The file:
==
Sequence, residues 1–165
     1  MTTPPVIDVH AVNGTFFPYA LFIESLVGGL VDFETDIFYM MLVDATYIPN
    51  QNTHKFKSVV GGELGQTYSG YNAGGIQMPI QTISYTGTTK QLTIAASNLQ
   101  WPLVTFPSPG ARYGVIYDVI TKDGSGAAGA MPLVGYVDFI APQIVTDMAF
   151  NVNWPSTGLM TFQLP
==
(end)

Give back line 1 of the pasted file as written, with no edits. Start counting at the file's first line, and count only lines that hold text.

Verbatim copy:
Sequence, residues 1–165